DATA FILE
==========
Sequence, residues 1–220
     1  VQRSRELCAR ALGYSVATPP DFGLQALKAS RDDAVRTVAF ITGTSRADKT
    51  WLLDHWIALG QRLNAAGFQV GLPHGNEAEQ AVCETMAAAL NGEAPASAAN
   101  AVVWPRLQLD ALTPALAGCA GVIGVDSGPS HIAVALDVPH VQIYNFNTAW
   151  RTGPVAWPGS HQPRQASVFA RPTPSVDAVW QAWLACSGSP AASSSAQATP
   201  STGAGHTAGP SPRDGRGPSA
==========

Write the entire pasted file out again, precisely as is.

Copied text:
Sequence, residues 1–220
     1  VQRSRELCAR ALGYSVATPP DFGLQALKAS RDDAVRTVAF ITGTSRADKT
    51  WLLDHWIALG QRLNAAGFQV GLPHGNEAEQ AVCETMAAAL NGEAPASAAN
   101  AVVWPRLQLD ALTPALAGCA GVIGVDSGPS HIAVALDVPH VQIYNFNTAW
   151  RTGPVAWPGS HQPRQASVFA RPTPSVDAVW QAWLACSGSP AASSSAQATP
   201  STGAGHTAGP SPRDGRGPSA